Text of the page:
When heading out for a swim at the pool or beach, lifesaving is probably not on your mind. You’re most likely thinking about your swim workout, your next race, or perhaps most importantly: cooling off and having fun in the water. The most common safety concern on the minds of others I swim with seems to focused on sun exposure (“Wear your sunscreen or you’ll get a sunburn!”).
Even if you are confident in your own ability, please be aware of this sobering fact: there are plenty of non-swimmers out there, and you might have to save a life when you least expect it.
I’m not a great swimmer. I never brag about my swimming – and for good reason. My grandfather, Adolph Kiefer, is an Olympic Champion backstroker. My father and uncle were both college swimmers and high school state champions. My wife Stacey swam through college and continues to post top times in Chicago area triathlons. Despite all this and having immediate access to the greatest swim gear in existence, I’m still slow.
But I’m a good enough swimmer to save a life – and I learned this by accident.
Stacey and I had spent a “quiet” Fourth of July mountain biking in Kettle Moraine State Forest, in southeastern Wisconsin. As we were heading home, we decided to stop at one of her favorite Lake Michigan swimming spots, a secluded beach in Racine, Wisconsin, for a quick open water swim. We parked, scrambled down a steep bluff, and estimated the water temperature with our feet. Braving Lake Michigan water temperatures in early July may not sound challenging, but let me tell you – it can be brutally uncomfortable. Even on days when winds haven’t blown more comfortable water temperatures far out from land, swimming can be quite a test of one’s pain tolerance.
And on that day, Fourth of July 2003, the water was very cold. We decided to cancel our swim and head back to our car. It was at this point that I heard something- a faint noise from offshore. We stopped and listened, and before long, the sound repeated. Still faint, but unmistakable, someone was calling for help.
I scanned the horizon and saw a tiny orange kayak out in the lake, quite some distance from shore. “Help me!”, called the voice, and at this point I was able to see an arm waving above the kayak, beckoning for assistance. Without hesitation, we entered the water and began to swim towards the boat.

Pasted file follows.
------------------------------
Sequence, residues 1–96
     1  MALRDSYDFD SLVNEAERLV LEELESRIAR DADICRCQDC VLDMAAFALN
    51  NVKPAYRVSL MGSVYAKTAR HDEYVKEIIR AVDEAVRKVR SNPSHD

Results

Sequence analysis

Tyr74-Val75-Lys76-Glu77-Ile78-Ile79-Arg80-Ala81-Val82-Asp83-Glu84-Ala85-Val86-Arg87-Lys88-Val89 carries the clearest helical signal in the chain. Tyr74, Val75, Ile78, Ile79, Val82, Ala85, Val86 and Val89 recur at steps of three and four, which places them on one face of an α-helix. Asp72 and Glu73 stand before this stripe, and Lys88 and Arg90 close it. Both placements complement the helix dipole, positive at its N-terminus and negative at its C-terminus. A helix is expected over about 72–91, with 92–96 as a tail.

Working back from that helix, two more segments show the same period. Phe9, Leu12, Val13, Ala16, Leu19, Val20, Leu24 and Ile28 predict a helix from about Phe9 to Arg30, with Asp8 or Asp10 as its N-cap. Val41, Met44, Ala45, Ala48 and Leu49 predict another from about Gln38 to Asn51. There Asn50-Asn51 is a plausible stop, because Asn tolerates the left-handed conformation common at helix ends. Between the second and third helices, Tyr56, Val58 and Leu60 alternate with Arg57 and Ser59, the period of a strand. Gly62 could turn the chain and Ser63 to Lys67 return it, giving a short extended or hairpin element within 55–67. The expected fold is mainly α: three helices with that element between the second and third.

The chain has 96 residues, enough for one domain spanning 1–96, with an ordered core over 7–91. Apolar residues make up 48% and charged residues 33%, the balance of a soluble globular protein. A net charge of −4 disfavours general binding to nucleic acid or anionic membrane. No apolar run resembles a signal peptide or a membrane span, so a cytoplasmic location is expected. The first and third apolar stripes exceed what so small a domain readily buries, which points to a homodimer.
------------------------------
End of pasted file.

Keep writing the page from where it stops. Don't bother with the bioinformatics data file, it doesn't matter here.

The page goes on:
When confronting cold water, Stacey has always been a proponent of swimming rapidly to overcome the initial shock – and this technique seems to work well. I’ve never been able to figure out if this is a distraction technique or a true acclimatization tactic, but it works. Perhaps the best distraction from the discomfort was a thought that occurred to me as we covered the near 1/4 mile distance of open water: what would we do when we reached the kayak?
This question was soon answered for us – with no rescue tubes, rescue cans, or water rescue equipment of any kind – we had only one course of action – to tow the capsized kayak with its exhausted, hypothermic pilot to safety. This wasn’t easy, but both of us were able to swim the considerable weight back to shore.
Lifeguarding is a difficult job that requires great skill and responsibility. It isn’t an accidental role and requires full concentration because guards have to constantly scan for (and be completely aware of) potential danger and life-threatening situations.
However, when no lifeguards are on duty, the situation may only involve swimmers.
So think about it swimmers. Strive to sharpen your awareness and maintain your abilities – because the world needs more accidental lifeguards.
Without lifeguards, I wouldn’t be alive today – but that’s a story for another day.
Be safe out there,
Robin Spencer Kiefer
P.S. Check out our recent post on open water swim safety tips!